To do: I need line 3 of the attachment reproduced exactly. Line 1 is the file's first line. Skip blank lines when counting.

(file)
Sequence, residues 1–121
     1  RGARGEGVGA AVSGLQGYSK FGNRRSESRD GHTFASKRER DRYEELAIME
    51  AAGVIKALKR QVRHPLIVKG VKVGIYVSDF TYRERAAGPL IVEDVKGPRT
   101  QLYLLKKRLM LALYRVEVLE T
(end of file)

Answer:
    51  AAGVIKALKR QVRHPLIVKG VKVGIYVSDF TYRERAAGPL IVEDVKGPRT